What You'll Need
Scale is a difficult problem to combat, and you may need to employ all of these materials if infestations are frequent and widespread.
- Cotton swabs or makeup sponges
- Rubbing alcohol
- Horticultural oil (neem oil)
- Insecticidal soap
- Beneficial insects (optional)
- Spray pesticide (organic or chemical)
Controlling Scale on Outdoor Plants
Scale insects in the garden can be combatted in a number of ways, the best of which involves prevention or removing infested plant material before the insects can spread.
- Spraying with horticultural oil is effective in late spring just before the leaves unfurl. Scale insects can overwinter as nymphs or eggs tucked away in tree bark. This application will smother the scale before the insects have a chance to form their protective coating. It's important to treat the entire plant, as scale can be present on stems, the undersides of leaves, and along the base of the plant. The oil coats the scale insects and clogs their breathing pores, suffocating them.
- Pruning infected branches is often the easiest and surest solution if you catch the infestation while it is still light. Inspect the plant thoroughly, as well as any adjacent plants, to ensure you have removed all infested stems. Do not compost infected plant material.
- Rubbing alcohol can kill scale insects if the infestations are light. This can be quite laborious in an outdoor garden, however.
- Insecticidal soaps can be used to kill scale at the larval stage, but they are not very effective once the insects are anchored and feeding under their protective shells. Several applications will be necessary to catch all the larvae, but these organic pesticides will not leave a dangerous environmental residue.
- Pesticides containing azadirachtin, a key ingredient in neem oil, offer excellent protection against scale, and also will kill the established insects. These are regarded as organic pesticides and are not toxic to honey bees and most other beneficial insects. Other plant-based pesticides can also be successful.
- Synthetic chemical pesticides should be the very last resort in the war against scale. While there can be some success in using systemic insecticides that include compounds known as neonicotinoids (acetamiprid, dinotefuran, imidacloprid, and thiamethoxam), these pesticides are now known to be a serious problem for honey bees and other pollinators. Don't reach for a chemical pesticide unless all other methods have failed.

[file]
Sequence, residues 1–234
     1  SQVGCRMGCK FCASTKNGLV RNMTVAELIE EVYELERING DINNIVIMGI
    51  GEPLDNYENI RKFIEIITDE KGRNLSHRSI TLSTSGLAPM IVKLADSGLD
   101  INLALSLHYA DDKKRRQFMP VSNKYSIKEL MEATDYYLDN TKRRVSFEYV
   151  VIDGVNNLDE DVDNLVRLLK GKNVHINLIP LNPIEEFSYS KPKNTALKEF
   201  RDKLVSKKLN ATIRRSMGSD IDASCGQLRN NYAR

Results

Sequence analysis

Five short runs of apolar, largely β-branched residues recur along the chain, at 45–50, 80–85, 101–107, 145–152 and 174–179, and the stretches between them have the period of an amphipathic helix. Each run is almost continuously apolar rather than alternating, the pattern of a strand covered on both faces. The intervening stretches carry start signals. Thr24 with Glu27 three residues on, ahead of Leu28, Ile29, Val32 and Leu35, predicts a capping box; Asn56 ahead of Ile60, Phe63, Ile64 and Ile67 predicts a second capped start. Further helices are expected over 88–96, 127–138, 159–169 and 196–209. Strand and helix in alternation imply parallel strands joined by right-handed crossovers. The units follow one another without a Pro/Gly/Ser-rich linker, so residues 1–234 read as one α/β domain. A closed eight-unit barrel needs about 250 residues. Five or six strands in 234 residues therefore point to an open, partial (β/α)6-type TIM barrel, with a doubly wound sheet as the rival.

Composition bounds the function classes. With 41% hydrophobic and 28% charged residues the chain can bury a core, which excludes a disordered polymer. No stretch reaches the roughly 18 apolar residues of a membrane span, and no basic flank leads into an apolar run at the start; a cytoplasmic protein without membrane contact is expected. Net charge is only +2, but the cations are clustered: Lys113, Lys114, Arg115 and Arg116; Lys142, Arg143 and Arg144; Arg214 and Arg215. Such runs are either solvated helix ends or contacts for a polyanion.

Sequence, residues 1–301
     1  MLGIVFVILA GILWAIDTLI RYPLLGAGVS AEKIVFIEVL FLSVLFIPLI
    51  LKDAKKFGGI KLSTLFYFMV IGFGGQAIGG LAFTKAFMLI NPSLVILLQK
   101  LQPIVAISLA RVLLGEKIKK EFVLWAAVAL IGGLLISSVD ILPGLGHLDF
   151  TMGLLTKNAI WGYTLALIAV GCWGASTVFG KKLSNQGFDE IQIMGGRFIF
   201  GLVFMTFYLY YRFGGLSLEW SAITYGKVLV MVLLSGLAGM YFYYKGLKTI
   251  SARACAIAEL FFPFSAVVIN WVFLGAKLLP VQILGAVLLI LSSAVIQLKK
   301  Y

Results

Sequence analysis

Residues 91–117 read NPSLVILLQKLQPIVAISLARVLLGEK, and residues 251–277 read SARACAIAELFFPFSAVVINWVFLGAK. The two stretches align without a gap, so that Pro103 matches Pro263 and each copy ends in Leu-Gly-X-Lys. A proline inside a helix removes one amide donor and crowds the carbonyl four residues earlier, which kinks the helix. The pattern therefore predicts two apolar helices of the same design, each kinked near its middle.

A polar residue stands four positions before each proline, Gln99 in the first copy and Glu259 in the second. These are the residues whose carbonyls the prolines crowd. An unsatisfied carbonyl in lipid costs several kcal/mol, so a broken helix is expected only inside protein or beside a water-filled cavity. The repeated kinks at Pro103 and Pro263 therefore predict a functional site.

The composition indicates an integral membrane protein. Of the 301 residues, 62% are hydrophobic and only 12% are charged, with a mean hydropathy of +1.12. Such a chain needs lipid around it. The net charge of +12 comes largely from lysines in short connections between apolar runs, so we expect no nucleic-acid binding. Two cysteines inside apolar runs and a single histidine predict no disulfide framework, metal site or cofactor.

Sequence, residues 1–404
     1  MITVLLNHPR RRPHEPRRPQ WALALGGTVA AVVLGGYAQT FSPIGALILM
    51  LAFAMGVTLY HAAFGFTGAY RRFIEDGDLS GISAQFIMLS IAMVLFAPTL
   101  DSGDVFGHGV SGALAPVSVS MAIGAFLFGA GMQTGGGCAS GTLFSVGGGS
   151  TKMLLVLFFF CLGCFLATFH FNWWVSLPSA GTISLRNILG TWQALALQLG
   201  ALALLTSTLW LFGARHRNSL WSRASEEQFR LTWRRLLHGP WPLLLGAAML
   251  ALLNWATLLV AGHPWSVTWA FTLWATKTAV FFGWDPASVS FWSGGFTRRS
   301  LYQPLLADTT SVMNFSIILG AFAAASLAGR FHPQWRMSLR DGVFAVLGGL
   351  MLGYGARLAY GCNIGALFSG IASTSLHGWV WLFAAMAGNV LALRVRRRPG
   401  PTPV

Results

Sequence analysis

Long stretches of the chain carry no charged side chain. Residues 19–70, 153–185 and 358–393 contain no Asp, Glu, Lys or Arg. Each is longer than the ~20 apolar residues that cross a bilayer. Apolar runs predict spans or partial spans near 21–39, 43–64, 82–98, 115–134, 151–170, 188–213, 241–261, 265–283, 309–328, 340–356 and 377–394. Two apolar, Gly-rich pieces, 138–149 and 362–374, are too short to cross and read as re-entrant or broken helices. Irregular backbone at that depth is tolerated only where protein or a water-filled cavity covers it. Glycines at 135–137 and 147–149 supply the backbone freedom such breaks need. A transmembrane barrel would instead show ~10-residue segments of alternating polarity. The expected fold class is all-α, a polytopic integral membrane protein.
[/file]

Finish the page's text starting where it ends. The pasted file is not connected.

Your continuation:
- Beneficial insects such as soldier beetles, lady beetles, and parasitic wasp can be an important and effective control for scale insects. You can encourage these natural predators by providing them with food and shelter. You can also purchase beneficial insects by mail to release in your garden.
Controlling Scale on Indoor Plants
Since there are no natural predators indoors, scale insects will spread even faster than they do outdoors. You will need to be extremely diligent about controlling or removing scale when it infests indoor plants.
If you catch the problem early enough, pruning out the infested stems could alleviate the problems. Keep a close eye for several weeks to make sure no new scale appear on the plant. Dispose of the pruned stems immediately.
Remove existing scale on houseplants by rubbing gently with a facial-quality sponge or cotton swab dipped in rubbing alcohol. The alcohol alone should kill the scale, but the dead insects will remain on your plants and make it difficult for you to scout for new infestations. The small facial sponges, found in the cosmetic aisle, are abrasive, yet soft enough to use without scraping the plant stems. Be sure to buy plain sponges without cleanser or lotion in them. As always, test on a small area first, since some plants are more sensitive than others.